- Connect the main project to the Decision Center
- Enter the proper URL and credentials and test the conection:
- Navigate to the Decision Center and verify the Decision Service is uploaded correctly:
- Now we will test the deployment to the RES console, create a new Deployment Configuration
- Add a Decision Operation
- Add the ODM docker RES service
- Deploy the Ruleapp and select the recently added server
- Verify the ruleapp deployed correctly
As you can see we setup an ODM distribution in minutes and got a project sync with Decision Center and deployed in the RES console. ODM on Docker is great, we can use all the Docker containers and images functionalities.
I hope you enjoy this tutorial and as always please feel free to contact me for any feedback or questions! Thank you!
In this technical tutorial we will have a look at the integration between RPA UiPath and IBM ODM. As we know ODM provides a decision server that the business can use to express rules while UiPath provides RPA to automate tasks, normally manual processes that uses repetitive tasks like data entry, making this integration a perfect collaboration.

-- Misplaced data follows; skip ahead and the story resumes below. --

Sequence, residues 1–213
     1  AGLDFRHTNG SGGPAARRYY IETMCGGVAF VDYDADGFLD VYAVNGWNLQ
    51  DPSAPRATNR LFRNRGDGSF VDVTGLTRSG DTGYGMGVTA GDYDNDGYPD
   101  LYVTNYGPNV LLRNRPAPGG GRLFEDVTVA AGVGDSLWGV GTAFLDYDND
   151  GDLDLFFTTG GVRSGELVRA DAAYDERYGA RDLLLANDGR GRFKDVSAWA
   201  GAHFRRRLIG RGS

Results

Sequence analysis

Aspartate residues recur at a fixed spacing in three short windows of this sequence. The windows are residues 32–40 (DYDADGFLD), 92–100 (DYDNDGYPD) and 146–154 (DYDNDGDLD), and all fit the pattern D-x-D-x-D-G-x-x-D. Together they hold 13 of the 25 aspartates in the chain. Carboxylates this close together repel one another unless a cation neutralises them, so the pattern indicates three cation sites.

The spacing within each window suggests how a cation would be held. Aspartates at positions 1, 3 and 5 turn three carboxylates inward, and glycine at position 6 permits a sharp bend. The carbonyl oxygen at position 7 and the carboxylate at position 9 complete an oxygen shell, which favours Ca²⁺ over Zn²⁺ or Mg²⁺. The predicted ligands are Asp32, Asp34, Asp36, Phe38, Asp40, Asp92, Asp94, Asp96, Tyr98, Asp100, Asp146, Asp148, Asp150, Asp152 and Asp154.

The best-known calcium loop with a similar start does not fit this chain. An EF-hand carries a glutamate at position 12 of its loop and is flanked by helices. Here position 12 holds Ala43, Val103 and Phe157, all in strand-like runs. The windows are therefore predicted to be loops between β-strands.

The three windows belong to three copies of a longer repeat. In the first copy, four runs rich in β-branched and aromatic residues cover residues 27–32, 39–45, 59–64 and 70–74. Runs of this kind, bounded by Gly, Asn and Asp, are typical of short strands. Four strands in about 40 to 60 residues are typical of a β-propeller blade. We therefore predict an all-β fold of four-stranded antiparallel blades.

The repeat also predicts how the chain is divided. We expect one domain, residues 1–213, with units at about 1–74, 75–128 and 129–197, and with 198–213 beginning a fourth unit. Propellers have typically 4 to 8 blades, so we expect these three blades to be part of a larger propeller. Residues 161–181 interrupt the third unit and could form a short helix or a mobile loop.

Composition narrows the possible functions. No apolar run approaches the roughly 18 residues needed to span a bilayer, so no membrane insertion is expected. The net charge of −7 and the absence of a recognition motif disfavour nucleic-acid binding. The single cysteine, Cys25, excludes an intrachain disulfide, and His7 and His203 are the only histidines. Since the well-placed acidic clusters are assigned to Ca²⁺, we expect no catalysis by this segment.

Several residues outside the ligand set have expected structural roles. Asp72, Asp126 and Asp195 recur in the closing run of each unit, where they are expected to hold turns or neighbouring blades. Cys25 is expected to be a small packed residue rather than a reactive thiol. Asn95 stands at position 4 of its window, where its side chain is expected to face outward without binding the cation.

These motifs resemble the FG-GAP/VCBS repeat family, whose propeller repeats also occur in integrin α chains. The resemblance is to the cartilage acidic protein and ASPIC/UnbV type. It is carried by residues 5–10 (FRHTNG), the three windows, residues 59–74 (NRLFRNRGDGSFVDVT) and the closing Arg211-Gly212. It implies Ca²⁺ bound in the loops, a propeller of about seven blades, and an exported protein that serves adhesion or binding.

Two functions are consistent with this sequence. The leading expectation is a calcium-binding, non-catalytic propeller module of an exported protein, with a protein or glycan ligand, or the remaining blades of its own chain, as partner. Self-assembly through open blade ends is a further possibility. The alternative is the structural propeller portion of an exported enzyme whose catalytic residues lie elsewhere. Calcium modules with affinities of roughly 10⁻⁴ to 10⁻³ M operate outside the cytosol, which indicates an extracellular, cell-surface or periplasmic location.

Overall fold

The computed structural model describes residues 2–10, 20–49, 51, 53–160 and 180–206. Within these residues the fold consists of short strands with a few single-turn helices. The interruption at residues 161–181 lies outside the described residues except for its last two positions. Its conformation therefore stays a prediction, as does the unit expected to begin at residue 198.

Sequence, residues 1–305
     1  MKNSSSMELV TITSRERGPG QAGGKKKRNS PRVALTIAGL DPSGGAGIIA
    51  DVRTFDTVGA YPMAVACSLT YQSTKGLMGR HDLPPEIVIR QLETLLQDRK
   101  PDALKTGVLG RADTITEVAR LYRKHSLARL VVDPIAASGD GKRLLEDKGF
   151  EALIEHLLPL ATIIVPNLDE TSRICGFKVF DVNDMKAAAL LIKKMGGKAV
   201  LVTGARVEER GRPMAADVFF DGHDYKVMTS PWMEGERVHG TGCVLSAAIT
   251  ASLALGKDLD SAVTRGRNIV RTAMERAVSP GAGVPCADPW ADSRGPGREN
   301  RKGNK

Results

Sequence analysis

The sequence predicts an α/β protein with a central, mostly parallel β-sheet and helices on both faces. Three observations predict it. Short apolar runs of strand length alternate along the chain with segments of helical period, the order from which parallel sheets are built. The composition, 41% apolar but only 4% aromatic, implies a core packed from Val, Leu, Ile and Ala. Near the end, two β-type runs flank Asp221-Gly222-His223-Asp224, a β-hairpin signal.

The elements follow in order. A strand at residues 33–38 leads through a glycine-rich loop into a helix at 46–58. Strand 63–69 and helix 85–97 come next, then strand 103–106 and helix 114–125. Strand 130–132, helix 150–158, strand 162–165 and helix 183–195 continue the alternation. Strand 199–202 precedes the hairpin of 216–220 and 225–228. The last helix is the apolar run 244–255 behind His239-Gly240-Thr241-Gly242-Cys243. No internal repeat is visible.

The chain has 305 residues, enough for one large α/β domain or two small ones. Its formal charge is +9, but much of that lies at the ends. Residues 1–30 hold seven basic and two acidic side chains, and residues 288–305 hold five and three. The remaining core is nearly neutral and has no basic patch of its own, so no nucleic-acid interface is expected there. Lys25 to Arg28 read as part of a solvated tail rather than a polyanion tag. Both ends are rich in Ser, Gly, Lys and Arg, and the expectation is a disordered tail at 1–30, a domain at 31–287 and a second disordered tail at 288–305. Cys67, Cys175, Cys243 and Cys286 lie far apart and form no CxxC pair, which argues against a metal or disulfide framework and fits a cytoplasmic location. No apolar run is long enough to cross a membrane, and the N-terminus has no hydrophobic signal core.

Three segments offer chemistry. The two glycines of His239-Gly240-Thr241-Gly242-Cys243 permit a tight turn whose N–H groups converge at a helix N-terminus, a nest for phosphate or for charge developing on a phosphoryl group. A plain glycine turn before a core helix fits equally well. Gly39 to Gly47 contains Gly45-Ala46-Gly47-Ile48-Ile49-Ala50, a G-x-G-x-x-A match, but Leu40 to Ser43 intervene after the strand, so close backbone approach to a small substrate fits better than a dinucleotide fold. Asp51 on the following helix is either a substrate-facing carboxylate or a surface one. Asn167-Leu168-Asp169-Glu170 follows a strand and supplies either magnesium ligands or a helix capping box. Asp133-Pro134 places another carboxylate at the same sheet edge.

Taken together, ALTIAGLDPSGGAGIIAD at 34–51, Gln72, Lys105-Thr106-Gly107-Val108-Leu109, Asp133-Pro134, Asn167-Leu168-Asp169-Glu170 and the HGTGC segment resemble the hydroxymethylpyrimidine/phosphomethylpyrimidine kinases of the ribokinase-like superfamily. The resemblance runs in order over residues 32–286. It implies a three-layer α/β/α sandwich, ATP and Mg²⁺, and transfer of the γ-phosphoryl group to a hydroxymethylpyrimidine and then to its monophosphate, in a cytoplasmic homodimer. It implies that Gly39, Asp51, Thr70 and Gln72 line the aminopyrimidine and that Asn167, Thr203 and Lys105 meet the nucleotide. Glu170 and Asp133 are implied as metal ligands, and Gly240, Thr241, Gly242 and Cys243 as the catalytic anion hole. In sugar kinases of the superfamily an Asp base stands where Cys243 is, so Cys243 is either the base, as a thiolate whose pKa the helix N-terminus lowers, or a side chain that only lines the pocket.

To understand the basics of UiPath, please refer to this link.
- Testing the ODM project
- For this tutorial, I will use the ‘Recruitment’ project I made for previous posts. Check some details about the project here.
- Make sure your project is successfully deployed in the RES console and that the Sample Server is up and running.
- Open the RES console and navigate to your project Ruleset view:
- Click on ‘Retrieve HTDS Description File’, select ‘REST’ and click on Test:
- In my example I will test with 2 scenarios for the ‘Country’ value.
- Now go back to the HTDS page and click on ‘View’. Copy the URL, we will use it later in UiPath:
- Remember you can also use JSON format for your execution requests and external tools like SoapUI or Postman (my favorite) to test your services.
- Creating the UiPath project
- Now that we know our Decision Service is working properly, we will create a simple UiPath project that will call our service and print the response.
- We will use UiPath community version (free), you can download it from here.